You may remember the story of Sybil (a pseudonym for Shirley Ardell Mason, who was born in 1923), a person who, over a period of 40 years, claimed to possess 16 distinct personalities. Mason was in therapy for many years trying to integrate these personalities into one complete self. A TV movie about Mason’s life, starring Sally Field as Sybil, appeared in 1976.
Sybil suffered from the most severe of the dissociative disorders, dissociativeidentitydisorder. Dissociative identity disorder is a psychological disorder in which two or moredistinct and individual personalities exist in thesameperson, and thereis an extremememorydisruption regarding personal information about theother personalities (van der Hart & Nijenhuis, 2009). 1 Dissociative identity disorder was once known as “multiple personality disorder,” and this label is still sometimes used. This disorder is sometimes mistakenly referred to as schizophrenia.
In some cases of dissociative identity disorder, there ca n be more than 10 different personalities in one individual. Switches from one personality to another tend to occur suddenly, often triggered by a stressful situation (Gillig, 2009). 2 The host personality is the personality in control of the body most of the time, and the alter personalities tend to differ fr om each other in terms of age, race, gender, language, manners, and even sexual orientation (Kluft, 1996). 3 A shy, introverted individual may develop a boisterous, extroverted alter personality. Each personality has unique memories and social relationships (Dawson, 1990). 4 Women are more frequently diagnosed with dissociative identity disorder than are men, and when they are diagnosed also tend to have more “personalities” (American Psychiatric Association, 2000). 5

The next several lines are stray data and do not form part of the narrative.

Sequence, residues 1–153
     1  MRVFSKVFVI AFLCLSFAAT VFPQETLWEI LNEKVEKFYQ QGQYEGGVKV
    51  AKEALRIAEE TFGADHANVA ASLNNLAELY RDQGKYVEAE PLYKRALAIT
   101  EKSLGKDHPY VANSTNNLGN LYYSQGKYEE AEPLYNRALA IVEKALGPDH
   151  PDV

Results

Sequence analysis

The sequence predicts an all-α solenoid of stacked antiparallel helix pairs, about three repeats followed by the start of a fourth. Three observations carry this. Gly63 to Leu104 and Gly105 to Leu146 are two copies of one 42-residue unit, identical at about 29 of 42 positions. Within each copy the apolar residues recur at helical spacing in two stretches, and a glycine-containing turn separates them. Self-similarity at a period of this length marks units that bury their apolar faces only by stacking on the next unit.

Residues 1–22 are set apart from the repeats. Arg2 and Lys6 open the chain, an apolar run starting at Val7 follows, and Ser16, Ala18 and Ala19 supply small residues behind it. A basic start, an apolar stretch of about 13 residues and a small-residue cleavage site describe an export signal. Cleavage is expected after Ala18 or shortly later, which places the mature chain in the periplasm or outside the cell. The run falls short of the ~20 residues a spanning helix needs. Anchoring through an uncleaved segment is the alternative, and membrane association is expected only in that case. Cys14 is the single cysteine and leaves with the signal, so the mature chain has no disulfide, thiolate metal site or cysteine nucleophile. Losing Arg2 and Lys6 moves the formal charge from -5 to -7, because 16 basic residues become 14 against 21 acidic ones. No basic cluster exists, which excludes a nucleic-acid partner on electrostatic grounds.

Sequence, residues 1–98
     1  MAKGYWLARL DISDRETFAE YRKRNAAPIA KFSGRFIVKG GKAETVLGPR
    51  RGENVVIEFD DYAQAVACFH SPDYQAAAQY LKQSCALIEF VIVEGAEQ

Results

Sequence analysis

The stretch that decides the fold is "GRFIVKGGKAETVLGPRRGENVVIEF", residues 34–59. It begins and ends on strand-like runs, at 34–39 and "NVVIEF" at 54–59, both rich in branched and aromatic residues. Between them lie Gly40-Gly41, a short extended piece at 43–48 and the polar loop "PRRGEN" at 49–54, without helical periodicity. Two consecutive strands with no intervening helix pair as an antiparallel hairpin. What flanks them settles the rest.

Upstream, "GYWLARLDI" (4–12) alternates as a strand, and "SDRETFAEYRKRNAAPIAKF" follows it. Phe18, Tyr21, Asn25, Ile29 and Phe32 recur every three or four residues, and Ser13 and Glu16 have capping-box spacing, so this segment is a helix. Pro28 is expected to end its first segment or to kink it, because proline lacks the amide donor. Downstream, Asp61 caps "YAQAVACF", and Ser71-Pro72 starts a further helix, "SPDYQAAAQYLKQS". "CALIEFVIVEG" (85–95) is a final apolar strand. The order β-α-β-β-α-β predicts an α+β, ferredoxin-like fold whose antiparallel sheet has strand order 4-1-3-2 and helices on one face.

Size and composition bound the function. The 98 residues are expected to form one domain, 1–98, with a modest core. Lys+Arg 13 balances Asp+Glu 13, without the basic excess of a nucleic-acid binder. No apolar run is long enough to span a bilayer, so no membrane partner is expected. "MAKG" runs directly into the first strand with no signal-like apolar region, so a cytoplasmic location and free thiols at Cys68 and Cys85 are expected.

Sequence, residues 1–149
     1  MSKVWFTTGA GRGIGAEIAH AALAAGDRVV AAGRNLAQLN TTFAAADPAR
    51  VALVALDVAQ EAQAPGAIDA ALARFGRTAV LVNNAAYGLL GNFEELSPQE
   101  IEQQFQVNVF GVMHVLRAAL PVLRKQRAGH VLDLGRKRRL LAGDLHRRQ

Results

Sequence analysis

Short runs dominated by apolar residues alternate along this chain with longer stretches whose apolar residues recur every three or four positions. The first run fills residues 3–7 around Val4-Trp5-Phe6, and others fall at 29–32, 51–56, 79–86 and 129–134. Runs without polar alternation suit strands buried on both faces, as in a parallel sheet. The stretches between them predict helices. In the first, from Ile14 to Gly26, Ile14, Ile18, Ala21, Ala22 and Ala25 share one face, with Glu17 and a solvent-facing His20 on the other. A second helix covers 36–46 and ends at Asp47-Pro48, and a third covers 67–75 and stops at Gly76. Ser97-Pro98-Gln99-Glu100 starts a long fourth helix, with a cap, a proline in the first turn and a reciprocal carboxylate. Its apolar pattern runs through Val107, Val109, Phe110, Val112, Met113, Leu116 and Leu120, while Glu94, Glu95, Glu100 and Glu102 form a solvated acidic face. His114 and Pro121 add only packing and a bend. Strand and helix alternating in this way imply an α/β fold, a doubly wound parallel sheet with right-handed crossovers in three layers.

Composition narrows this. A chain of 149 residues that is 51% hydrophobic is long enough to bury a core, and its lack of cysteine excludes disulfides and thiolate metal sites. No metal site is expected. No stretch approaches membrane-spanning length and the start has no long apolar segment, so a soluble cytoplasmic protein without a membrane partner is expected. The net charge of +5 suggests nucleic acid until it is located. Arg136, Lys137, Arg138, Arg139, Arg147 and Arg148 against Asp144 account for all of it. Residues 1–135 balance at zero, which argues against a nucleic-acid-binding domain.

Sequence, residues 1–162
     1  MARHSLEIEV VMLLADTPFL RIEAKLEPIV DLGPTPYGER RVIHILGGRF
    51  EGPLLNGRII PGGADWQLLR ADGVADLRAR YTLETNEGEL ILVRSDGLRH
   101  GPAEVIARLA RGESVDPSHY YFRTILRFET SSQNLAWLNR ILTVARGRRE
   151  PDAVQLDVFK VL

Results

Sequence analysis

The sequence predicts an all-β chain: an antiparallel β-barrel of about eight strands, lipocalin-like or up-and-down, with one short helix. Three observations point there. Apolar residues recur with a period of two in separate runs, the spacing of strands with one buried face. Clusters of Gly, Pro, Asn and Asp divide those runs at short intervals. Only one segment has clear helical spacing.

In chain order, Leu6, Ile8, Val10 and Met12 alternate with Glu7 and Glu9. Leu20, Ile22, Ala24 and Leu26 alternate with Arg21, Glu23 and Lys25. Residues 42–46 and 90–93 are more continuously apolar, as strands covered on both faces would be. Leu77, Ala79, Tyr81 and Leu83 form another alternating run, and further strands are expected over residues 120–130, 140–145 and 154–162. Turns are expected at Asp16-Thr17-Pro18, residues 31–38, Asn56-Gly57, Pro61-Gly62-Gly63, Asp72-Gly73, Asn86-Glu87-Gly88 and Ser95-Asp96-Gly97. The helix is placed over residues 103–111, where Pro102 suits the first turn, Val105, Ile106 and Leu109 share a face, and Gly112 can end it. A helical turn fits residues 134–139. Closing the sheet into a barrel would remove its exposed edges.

The dissociative disorders are relatively rare conditions and are most frequently observed in adolescents and young adults. In part because they are so unusual and difficult to diagnose, clinicians and researchers disagree about the legitimacy of the disorders, and particularly about dissociative identity disorder. Some clinicians argue that the descriptions in the DSMaccurately reflect the symptoms of these patients, whereas others believe that patients are faking, role- playing, or using the disorder as a way to justify behavior (Barry-Walsh, 2005; Kihlstrom, 2004; Lilienfeld & Lynn, 2003; Lipsanen et al., 2004). 6 Even the diagnosis of Shirley Ardell Mason (Sybil) is disputed. Some experts claim that Mason was highly hypnotizable and that her therapist unintentionally “suggested” the existence of her multiple personalities (Miller & Kantrowitz, 1999). 7